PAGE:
A LEADING cancer specialist has urged North-East employers to be more aware of passive smoking in the workplace.

Dr Graham Dark, a medical oncologist at Newcastle's Freeman Hospital, made his plea after a survey revealed that many employees still fear they may be exposed to danger.

The research by a group of charities showed that more than half of Britain's employees are concerned about the risk of developing lung cancer from passive smoking at work.

Following the survey a Clean The Air campaign was launched to reduce workers' exposure to passive smoking.

Dr Dark said: "Employers need to survey their own businesses and ask the views of their employees whether they are happy to be subjected to passive smoking."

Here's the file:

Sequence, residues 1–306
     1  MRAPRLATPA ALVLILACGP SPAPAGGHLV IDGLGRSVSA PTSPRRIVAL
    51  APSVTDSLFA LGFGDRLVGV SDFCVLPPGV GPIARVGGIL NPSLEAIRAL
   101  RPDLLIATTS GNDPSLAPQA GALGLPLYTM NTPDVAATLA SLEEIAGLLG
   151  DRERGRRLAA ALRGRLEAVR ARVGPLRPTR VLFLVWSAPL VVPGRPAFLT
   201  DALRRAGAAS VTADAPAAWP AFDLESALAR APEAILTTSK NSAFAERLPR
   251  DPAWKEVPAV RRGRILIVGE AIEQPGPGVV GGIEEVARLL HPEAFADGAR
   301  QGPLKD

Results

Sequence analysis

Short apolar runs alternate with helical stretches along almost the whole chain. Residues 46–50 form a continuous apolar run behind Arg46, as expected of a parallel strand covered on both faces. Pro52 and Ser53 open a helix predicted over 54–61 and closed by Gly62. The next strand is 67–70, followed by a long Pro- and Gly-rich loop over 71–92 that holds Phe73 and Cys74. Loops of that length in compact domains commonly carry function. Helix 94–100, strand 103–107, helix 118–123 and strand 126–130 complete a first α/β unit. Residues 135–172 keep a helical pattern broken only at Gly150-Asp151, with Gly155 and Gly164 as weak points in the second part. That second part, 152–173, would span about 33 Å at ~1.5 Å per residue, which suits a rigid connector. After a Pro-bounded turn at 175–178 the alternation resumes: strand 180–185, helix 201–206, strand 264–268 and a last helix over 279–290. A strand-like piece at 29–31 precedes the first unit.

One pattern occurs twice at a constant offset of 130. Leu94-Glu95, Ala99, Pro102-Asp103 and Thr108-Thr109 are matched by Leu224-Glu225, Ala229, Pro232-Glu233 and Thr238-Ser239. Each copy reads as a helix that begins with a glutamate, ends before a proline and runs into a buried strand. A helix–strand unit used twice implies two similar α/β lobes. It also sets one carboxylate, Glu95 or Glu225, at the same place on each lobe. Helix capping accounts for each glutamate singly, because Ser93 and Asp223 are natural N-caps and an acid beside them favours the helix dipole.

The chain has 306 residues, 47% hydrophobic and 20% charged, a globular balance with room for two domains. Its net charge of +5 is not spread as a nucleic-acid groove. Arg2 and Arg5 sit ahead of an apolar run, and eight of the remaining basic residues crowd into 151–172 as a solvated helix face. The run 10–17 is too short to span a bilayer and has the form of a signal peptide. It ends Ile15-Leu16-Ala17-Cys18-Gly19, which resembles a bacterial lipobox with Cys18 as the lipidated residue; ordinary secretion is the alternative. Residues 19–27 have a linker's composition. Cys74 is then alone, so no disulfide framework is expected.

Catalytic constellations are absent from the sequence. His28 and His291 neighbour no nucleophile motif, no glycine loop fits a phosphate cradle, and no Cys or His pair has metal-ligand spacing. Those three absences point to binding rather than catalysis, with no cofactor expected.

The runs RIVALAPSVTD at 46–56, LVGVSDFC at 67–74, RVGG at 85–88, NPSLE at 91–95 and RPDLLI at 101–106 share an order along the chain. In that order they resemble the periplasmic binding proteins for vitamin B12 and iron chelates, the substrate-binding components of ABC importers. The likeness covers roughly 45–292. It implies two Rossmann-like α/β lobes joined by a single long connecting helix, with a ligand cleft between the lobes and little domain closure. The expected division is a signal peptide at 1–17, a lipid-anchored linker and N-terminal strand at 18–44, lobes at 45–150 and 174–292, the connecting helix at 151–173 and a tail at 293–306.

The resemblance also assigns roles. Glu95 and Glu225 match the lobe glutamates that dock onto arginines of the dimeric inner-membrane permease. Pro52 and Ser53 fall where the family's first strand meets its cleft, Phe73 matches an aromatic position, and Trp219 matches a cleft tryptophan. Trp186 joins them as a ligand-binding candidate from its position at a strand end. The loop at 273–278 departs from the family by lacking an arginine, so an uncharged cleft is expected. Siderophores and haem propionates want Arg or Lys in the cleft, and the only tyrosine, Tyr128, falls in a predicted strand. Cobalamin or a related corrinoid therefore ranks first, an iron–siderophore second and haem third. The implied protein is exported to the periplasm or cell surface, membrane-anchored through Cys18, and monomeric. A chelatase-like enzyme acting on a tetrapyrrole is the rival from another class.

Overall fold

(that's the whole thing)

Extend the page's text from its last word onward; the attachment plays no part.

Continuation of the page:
Dr Dark added that worker's fears expressed had implications for restaurants, pubs and clubs.

He said: "People who work in that industry may be exposed to harmful agents. It would be be considered unfair for people who do not smoke to be forced into an environment where they face long-term exposure."

Dr Dark warned that there were parallels between firms that allowed staff to be exposed to passive smoking and companies where, 30 years ago, workers were able to breathe in asbestos fibres. Such firms are now having to pay compensation.

Steve Rankin, North-East director for the Confederaton of British Industry, said: "I think the trend is definitely in the direction that health professional want us to go. I have had three meetings today with companies which have non-smoking policies."